The New Year's day bombing of a church in Alexandria has left many in Egypt's Coptic Christian community frustrated and nervous, judging by the protests for the third night in a row.
The attack was the worst in a decade and its aftermath is still being felt, with MENA, the official Egyptian news agency, reporting on Tuesday that the death toll had risen to 23.
Young Christians began protesting in Cairo and Alexandria on Sunday, calling for more protection from the authorities.
No clear official account has emerged of how the attack was carried out, but analysts point to a small cell, not a larger armed group like those behind the Islamist uprising that flared more than a decade ago.
Al Jazeera's Ayman Mohyeldin, reporting from Cairo, says Egypt now faces an especially difficult task: how to make the country's ancient Christian minority feel secure while dealing with what is being seen as an al-Qaeda-inspired attack on its doorstep.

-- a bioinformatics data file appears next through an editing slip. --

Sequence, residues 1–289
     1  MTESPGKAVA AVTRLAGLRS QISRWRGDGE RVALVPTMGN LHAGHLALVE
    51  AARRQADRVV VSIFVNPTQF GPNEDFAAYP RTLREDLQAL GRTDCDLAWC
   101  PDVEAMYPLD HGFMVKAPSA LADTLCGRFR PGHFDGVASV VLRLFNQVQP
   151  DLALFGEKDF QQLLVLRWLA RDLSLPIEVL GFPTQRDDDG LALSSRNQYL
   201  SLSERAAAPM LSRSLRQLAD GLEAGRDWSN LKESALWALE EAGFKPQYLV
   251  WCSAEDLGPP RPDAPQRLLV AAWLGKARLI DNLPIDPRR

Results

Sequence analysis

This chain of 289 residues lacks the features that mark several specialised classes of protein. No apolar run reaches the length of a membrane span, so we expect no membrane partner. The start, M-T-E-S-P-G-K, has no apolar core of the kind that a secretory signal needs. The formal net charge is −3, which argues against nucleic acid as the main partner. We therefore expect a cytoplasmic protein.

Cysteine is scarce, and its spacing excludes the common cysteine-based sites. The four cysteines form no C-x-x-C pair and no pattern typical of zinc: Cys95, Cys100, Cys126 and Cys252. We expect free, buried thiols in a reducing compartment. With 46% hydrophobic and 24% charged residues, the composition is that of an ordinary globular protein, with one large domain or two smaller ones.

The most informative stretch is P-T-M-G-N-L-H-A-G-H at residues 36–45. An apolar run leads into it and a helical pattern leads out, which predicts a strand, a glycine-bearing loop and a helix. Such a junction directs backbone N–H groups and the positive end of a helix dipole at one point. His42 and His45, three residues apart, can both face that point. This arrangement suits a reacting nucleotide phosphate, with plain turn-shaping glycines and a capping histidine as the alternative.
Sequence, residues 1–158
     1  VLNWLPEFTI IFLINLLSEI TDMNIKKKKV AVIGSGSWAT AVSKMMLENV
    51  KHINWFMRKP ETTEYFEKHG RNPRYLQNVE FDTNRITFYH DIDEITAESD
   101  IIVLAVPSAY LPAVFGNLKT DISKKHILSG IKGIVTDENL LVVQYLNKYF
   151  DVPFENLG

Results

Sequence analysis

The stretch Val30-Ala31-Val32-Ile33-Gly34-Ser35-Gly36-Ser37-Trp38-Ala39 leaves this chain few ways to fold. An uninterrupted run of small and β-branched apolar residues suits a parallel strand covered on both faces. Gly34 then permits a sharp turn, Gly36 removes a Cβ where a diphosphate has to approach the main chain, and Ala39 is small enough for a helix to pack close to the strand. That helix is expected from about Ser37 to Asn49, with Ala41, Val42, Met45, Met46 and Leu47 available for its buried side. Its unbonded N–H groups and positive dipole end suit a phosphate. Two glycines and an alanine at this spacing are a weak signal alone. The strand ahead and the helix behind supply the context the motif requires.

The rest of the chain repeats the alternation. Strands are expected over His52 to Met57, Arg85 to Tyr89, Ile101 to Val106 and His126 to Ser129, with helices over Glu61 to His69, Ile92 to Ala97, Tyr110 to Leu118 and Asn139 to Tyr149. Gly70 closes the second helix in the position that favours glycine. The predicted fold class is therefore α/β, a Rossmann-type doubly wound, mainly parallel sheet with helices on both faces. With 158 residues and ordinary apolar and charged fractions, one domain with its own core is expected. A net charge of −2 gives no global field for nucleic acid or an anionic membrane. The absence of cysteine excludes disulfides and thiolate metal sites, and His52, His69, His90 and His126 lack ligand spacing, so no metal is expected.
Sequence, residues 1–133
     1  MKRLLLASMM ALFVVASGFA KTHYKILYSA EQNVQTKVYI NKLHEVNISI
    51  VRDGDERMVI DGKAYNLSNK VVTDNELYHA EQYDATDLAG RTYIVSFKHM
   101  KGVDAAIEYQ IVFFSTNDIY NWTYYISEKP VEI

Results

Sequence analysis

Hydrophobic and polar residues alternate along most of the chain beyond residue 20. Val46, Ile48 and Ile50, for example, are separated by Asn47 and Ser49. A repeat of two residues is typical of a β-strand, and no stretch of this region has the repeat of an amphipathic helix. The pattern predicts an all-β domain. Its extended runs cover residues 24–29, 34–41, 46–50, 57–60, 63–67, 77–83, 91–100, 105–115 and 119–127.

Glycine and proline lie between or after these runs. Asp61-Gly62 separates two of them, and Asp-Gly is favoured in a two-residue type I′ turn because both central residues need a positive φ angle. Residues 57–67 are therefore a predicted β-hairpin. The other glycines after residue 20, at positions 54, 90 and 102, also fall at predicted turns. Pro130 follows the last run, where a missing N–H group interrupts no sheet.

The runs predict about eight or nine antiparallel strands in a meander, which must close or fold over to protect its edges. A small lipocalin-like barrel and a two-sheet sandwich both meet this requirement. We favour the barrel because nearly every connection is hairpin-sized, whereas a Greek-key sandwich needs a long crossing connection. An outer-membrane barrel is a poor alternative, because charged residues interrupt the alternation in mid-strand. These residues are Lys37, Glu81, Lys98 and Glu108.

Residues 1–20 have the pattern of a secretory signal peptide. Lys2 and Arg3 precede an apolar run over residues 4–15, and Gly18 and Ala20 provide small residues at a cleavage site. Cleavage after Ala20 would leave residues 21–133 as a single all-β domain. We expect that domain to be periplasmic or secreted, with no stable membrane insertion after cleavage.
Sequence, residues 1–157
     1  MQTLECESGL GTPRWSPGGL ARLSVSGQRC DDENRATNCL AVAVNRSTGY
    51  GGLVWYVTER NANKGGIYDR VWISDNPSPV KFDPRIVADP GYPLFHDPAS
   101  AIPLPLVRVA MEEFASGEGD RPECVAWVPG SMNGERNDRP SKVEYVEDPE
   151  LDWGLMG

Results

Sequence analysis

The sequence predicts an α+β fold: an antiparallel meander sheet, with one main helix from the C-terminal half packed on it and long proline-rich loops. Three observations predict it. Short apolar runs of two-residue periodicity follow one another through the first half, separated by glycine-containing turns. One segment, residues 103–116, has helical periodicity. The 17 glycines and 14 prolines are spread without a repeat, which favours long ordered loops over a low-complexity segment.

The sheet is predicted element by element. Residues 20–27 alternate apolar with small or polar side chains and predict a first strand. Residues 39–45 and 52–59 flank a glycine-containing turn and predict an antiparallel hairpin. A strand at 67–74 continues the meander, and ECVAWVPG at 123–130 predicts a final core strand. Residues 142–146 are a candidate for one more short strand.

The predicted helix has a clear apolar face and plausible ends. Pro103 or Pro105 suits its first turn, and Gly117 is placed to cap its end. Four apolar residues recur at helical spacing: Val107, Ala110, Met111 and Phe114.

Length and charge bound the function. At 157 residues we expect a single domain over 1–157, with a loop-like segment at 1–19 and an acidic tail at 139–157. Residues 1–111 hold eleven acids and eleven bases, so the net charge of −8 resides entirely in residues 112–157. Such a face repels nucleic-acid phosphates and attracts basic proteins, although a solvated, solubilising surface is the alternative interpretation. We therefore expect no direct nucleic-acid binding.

There have been numerous internet threats since the New Year's attack against Coptic churches in the Netherlands and Europe, including France and Britain.
Christians account for about 10 per cent of Egypt's population of 79 million, which is mostly Muslim.
Religious violence is rare but disputes on issues from church building to religious conversions and divorce have grown in the last year.
Early last year, a drive-by shooting of six Christians and a Muslim policeman at a church in southern Egypt sparked protests.